- Story Ideas
- Send Corrections
PHOENIXVILLE — Before the firebird goes up in flames, the main attraction of the festival must be built and other arrangements must be made.
The ninth annual Phoenixville Firebird Festival will be celebrated on Dec. 8.
Due to the construction of the new borough hall, the location has been moved to the area across the street from the Foundry building in the parking area behind Molly Maguire’s.
A crew started building the firebird on Sept. 15 at the site along Main Street.
Before the building began, Brett Williams designed the bird and a model was created.
Event organizer Henrik Stubbe Teglbjaerg said the building is expected to be completed in October.
“The bird is coming along very well,” Stubbe Teglbjaerg said. “Usually we start building in mid-October.”
He said it’s a shame when the bird gets finished in November, later in the season, and then it gets burned in December. This schedule will allow for it to be seen longer before the festival.
Starting early has also helped with working through weather conditions.
“We’re used to working on it in November when it’s cold or rainy,” Stubbe Teglbjaerg said. “It’s a nice relief (working on it now). We’ve been blessed with wonderful weather.”
A core group of people works on the construction of the firebird during weekends. Community members have also spent time helping out with the project.
The core group includes Stubbe Teglbjaerg, Charles Segal, Brett Williams, Brett’s father, Bob, and a professional builder, Jeremy Bowers.
With some firebirds in the past, people have named the birds. One was named Katrina because the wings were blown off from the wind. No names have been chosen for this year’s bird yet, Stubbe Teglbjaerg said.
Stubbe Teglbjaerg said the location behind Superior Beverage is where the firebird festival was held originally.
“It’s a challenge there,” he said. “We had it for so many years at the other spot. Many things have to be done to make it secure for people. There were 200 people that came in the beginning and now there are 12,000.”
The organizers must build the firebird 300 feet away from buildings.
Stubbe Teglbjaerg said Williams did a good job coming up with the design.
Williams is a senior at Tyler School of Art, an art school at Temple University.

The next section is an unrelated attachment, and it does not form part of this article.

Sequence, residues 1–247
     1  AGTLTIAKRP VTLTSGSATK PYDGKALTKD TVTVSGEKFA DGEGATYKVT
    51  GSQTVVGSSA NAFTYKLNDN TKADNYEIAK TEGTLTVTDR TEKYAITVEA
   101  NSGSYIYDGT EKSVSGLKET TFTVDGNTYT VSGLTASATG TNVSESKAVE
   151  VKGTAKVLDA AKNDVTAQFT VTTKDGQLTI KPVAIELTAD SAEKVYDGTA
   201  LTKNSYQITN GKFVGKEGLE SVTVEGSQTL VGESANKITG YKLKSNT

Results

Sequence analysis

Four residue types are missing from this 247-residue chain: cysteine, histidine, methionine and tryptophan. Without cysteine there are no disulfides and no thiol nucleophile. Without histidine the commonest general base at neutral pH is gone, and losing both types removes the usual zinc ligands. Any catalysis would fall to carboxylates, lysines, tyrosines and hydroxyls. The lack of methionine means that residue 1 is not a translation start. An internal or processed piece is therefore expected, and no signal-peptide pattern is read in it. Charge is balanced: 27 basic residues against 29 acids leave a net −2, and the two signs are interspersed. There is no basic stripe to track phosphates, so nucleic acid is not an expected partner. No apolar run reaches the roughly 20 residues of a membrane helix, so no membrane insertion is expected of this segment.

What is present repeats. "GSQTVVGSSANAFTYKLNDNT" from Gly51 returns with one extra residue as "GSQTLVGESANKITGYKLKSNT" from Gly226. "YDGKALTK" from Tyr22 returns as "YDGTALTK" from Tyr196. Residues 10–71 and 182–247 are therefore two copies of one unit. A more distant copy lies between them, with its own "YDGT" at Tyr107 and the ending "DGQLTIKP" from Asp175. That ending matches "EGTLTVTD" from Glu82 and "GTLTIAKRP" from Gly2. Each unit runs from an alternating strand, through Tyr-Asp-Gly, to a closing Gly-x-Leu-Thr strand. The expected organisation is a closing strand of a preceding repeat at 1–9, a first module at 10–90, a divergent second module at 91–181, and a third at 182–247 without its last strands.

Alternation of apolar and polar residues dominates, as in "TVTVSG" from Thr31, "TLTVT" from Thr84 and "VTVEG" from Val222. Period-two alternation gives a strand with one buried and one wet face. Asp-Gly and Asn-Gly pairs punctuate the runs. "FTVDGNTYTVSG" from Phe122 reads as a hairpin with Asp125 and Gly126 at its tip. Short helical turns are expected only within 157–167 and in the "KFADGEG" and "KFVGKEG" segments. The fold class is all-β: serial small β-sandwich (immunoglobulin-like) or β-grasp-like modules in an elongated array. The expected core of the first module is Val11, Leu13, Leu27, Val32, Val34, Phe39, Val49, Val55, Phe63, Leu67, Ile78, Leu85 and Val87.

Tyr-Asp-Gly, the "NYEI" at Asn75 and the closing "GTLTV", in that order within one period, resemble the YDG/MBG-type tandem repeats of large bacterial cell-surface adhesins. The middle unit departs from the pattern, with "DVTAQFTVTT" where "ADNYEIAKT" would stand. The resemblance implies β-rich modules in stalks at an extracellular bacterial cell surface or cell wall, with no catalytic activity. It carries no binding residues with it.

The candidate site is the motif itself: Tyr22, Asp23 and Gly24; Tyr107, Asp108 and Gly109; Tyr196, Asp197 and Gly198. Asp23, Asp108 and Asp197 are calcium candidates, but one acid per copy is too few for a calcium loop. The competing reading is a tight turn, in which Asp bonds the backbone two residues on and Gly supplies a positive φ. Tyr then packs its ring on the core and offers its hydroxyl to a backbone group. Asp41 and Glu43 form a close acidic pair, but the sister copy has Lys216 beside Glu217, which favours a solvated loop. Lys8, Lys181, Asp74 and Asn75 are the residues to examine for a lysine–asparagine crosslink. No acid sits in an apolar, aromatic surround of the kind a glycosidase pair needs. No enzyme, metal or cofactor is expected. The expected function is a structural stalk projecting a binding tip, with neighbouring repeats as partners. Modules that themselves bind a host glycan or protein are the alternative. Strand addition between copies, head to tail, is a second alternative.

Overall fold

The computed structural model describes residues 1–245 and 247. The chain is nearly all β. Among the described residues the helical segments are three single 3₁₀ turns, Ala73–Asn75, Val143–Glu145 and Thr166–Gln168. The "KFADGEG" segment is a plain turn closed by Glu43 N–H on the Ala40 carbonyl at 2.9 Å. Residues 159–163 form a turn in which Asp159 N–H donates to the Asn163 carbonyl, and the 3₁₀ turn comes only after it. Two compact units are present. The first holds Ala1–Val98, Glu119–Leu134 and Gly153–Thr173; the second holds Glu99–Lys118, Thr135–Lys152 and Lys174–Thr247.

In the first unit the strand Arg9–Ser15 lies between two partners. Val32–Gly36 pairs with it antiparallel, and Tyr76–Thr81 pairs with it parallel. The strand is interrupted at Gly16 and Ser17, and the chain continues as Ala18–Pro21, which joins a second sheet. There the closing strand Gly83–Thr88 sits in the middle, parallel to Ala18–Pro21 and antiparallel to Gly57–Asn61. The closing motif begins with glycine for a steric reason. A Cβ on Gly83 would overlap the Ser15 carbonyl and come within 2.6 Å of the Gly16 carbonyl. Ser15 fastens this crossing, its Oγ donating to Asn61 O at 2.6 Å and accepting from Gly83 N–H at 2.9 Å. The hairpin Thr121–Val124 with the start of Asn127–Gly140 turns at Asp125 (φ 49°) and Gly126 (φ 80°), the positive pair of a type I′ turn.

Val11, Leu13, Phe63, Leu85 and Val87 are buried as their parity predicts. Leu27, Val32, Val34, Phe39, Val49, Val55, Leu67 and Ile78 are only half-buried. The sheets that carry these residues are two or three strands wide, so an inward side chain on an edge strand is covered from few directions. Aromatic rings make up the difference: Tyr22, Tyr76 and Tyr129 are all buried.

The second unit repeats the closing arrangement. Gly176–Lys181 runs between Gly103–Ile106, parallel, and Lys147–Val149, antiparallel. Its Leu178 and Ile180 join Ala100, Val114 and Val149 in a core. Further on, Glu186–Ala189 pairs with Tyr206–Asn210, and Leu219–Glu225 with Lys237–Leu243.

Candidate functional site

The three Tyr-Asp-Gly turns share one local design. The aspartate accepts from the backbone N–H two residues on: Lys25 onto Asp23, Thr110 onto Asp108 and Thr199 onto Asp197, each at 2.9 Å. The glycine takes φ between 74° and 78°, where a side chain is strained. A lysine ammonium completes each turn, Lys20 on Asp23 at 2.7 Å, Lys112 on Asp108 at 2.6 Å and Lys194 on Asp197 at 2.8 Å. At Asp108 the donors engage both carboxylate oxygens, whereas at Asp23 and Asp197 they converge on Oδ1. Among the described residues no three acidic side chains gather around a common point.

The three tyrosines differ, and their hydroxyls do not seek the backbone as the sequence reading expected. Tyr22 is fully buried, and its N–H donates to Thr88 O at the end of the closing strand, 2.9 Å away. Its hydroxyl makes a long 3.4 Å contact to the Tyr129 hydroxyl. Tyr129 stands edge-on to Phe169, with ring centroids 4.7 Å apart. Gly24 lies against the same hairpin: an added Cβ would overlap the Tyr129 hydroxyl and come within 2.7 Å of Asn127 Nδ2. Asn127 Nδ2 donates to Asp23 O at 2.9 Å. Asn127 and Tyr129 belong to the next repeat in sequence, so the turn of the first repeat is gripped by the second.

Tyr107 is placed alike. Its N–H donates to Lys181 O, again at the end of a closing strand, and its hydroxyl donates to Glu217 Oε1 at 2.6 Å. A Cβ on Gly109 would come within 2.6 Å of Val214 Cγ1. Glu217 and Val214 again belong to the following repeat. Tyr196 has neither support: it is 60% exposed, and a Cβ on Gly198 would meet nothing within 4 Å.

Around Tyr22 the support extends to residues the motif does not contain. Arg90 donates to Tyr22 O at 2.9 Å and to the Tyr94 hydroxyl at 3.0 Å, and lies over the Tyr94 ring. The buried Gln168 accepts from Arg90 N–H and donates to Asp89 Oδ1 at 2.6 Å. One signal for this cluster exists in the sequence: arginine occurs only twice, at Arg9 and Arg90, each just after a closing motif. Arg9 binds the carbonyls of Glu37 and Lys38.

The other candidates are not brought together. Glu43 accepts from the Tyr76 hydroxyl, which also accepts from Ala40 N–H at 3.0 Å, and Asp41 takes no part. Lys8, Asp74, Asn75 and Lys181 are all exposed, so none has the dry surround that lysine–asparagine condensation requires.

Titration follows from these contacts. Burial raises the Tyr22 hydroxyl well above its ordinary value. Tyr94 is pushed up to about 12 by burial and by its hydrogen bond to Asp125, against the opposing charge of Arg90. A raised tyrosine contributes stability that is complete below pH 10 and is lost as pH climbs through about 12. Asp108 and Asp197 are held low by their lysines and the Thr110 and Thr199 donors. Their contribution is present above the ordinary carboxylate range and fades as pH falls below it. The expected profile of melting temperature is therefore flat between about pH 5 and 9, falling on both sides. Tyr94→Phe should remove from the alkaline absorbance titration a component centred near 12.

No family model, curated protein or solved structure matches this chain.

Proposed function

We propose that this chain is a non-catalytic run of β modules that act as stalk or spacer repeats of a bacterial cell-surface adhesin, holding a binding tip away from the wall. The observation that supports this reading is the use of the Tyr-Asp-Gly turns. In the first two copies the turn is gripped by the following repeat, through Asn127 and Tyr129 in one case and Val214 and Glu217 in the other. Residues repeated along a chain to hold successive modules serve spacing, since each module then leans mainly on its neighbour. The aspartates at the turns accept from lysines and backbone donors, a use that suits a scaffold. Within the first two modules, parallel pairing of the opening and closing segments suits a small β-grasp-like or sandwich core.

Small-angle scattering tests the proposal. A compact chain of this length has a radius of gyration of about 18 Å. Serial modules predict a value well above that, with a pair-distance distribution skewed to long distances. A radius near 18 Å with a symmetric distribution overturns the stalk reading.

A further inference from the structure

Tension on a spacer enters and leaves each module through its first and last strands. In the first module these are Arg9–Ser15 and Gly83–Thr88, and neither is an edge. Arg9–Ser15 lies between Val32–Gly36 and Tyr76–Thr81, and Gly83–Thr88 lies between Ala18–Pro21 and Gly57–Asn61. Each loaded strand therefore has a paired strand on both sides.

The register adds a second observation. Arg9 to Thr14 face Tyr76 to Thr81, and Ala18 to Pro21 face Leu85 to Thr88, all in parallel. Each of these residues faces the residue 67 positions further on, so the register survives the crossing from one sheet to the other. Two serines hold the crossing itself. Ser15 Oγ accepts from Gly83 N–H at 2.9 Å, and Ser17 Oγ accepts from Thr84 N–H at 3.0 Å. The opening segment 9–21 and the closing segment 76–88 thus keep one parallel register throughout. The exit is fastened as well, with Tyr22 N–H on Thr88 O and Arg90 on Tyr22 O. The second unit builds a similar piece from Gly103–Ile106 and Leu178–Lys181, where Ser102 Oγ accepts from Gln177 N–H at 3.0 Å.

“It’s a great opportunity to be part of this,” he said. “This is the first time I’ve done anything to this scale.”
The bird will measure at 27 to 29 feet high, according to the team.
A scaffold has been built so the team can safely work on the firebird.
Williams said he has been friends with Charles Segal, one of the people involved with the festival since the beginning, who presented the opportunity to design the bird.
He started with a few sketches of the firebird and created a model out of tongue depressors, he said.
Williams said he is enjoying the teamwork of the group building the bird and seeing that his creation will become something festivalgoers will enjoy.
“There isn’t just one leader,” he said. “We really do work as a team.”
Williams said it’s great to have his idea for the firebird being discussed by others.
He said he’s glad the firebird is bringing the core group together and will unite the residents of Phoenixville. This will be his first Phoenixville Firebird Festival.
One might think that a designer would be sad while watching the firebird burn. Williams doesn’t feel that way.
“I’m really excited to see it burn,” he said. “That’s the purpose of what it’s for. I like the idea of creating the symbolic version of us coming together next year.”
Segal has been the designer of the bird three times. He said he got attached to last year’s bird.
“It’s truly exciting to see it go up in the immense bonfire,” Segal said. “That’s the fun of the burn. This one I missed. I’d go back and visit the site.”
He said the fun in building the firebird is that they don’t have to build it to last for years and years.
Segal said, “There are two things about it burning: everyone knows it’s going to burn. They pay attention and know after Dec. 8 it’s not going to exist anymore. It’s like a performance that it has an end date and it’s gone. Because it’s burned we don’t have to get too wrapped up in obsessive details. It makes building it more fun.”
Booths will be added to this year’s festival to collect suggested donations for the event, Segal said.
Organizers won’t turn anyone away from the festival, he said.
As the festival has grown, expenses have grown, Segal said.
For more information about the festival, visit www.firebirdfestival.com.